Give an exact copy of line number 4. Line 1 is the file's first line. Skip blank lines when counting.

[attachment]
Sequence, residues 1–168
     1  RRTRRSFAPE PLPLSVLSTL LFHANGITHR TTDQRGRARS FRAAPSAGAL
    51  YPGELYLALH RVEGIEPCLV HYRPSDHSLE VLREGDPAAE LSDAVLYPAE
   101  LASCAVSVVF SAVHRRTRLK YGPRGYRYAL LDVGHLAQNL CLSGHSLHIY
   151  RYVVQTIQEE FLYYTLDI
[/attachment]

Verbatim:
   101  LASCAVSVVF SAVHRRTRLK YGPRGYRYAL LDVGHLAQNL CLSGHSLHIY